A new skin treatment could be developed from the painful venom of fire ants, according to scientists.
Fire ants are an aggressive species which can sting with a very painful poison called solenopsin that feels to humans as if they have been burned, giving the insects their name.
Scientists have now developed a compound from that venom which they discovered reduced skin thickening and inflammation in a type of psoriasis that affects mice.
The compound was developed from solenopsins which are chemically very similar to a particular molecule in skincare products.
Ceramides, the molecules in many creams and emollients, help maintain the barrier function of skin.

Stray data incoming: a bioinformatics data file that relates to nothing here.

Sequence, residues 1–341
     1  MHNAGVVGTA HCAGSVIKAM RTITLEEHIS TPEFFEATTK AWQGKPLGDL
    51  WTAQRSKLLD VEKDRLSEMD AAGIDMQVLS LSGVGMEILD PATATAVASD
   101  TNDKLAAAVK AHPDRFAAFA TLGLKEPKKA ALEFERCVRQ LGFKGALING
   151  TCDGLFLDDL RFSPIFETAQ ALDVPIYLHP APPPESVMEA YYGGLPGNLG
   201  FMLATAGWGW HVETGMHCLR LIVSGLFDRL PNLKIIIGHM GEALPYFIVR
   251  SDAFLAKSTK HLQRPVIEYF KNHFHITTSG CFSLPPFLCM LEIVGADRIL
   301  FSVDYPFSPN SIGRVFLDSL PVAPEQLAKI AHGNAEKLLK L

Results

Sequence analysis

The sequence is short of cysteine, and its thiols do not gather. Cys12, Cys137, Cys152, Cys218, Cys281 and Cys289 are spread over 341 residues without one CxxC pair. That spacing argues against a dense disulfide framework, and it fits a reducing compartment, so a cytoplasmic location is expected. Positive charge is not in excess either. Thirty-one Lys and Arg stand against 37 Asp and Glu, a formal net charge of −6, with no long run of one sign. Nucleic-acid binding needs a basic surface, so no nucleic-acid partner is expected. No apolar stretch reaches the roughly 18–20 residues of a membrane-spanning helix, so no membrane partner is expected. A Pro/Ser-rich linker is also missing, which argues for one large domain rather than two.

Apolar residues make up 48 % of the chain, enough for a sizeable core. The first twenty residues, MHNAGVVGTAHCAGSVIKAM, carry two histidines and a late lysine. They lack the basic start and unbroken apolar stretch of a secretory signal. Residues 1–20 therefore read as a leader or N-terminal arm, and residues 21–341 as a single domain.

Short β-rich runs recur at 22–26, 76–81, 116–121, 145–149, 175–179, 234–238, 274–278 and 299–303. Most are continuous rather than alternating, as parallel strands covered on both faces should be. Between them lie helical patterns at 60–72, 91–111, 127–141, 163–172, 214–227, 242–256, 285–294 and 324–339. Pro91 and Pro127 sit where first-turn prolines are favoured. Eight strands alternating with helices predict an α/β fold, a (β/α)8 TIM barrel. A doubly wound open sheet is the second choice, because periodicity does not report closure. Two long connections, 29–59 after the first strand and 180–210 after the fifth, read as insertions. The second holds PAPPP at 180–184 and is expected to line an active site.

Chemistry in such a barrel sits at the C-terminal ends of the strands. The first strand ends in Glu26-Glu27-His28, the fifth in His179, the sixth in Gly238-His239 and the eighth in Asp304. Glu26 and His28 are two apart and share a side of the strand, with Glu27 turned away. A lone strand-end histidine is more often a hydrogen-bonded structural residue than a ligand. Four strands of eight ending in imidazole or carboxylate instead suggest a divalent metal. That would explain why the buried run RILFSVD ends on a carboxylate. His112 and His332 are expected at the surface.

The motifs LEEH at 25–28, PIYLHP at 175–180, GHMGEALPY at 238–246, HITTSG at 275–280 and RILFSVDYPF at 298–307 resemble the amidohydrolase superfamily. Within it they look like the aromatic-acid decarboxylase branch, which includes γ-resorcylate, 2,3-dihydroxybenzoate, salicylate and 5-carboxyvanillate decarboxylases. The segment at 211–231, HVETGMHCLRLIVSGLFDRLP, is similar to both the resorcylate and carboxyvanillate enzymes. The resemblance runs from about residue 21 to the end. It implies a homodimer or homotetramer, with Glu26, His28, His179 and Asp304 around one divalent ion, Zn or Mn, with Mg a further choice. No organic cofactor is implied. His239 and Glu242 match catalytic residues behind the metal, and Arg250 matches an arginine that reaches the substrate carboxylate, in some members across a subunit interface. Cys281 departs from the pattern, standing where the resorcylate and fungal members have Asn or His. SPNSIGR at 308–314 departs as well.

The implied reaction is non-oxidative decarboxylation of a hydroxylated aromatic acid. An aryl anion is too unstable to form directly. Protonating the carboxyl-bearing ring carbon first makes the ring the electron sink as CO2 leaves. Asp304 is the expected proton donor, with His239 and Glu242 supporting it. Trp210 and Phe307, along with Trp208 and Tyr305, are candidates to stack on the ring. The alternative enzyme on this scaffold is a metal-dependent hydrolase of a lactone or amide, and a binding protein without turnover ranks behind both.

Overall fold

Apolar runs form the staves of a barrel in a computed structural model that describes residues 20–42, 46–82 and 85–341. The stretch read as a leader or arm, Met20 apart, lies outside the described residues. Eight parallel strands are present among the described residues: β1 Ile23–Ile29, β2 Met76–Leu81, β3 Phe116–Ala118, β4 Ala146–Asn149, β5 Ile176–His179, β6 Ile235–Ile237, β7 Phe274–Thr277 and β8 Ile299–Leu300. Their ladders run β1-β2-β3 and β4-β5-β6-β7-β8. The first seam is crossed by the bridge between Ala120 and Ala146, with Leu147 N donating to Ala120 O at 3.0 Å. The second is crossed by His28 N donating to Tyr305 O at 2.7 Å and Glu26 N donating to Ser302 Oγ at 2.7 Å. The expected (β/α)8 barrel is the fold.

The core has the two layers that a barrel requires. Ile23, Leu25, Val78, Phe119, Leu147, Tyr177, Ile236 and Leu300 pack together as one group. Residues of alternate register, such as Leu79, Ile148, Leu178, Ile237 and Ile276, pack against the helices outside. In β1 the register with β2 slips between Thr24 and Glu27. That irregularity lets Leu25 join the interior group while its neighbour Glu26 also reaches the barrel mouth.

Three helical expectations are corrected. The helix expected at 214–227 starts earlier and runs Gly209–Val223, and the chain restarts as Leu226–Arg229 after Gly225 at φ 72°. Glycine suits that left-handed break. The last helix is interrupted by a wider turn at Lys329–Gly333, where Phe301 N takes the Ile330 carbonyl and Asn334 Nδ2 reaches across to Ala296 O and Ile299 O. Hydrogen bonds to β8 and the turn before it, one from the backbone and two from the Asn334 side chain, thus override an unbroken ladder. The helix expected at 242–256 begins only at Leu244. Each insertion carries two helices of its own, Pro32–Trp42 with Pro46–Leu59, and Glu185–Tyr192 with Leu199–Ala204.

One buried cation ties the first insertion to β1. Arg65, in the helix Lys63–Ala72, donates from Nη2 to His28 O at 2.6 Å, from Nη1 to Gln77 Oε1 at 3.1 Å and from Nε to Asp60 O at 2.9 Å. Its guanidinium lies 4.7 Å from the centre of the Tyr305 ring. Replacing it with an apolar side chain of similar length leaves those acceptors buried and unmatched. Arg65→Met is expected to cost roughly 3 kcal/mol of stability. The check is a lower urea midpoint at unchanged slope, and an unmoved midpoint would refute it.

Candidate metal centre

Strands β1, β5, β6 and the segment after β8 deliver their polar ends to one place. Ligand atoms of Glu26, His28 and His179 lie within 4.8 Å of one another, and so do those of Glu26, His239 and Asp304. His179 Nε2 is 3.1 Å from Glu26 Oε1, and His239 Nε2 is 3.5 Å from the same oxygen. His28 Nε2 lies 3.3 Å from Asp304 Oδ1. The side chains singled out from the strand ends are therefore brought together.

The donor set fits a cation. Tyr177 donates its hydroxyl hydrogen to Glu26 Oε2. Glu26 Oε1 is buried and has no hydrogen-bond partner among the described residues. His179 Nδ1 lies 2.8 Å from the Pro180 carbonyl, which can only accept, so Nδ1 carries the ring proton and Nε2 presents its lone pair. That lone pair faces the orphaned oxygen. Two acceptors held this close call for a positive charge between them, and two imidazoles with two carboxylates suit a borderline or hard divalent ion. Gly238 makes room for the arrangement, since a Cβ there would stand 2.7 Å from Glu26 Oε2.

Dr Jack Arbiser, professor of dermatology at Emory University School of Medicine, said that his team believes solenopsins may be even better.
He said the treatment his team has developed could lead to full restoration of the barrier function in the skin which psoriasis undermines.
“Emollients can soothe the skin in psoriasis, but they are not sufficient for restoration of the barrier,” he said.
Psoriasis occurs in up to 4% of the population and supermodel Cara Delevingne has spoken of her struggles with the condition.
Dr Arbiser’s laboratory has previously shown that solenopsin is an inhibitor of blood vessel growth and has potential as an anticancer agent.
Derivatives of the venom have not yet been tested for systemic toxicity, but even if they were found to be dangerous they could still be used to treat skin diseases, just as botulinum toxin (botox) is.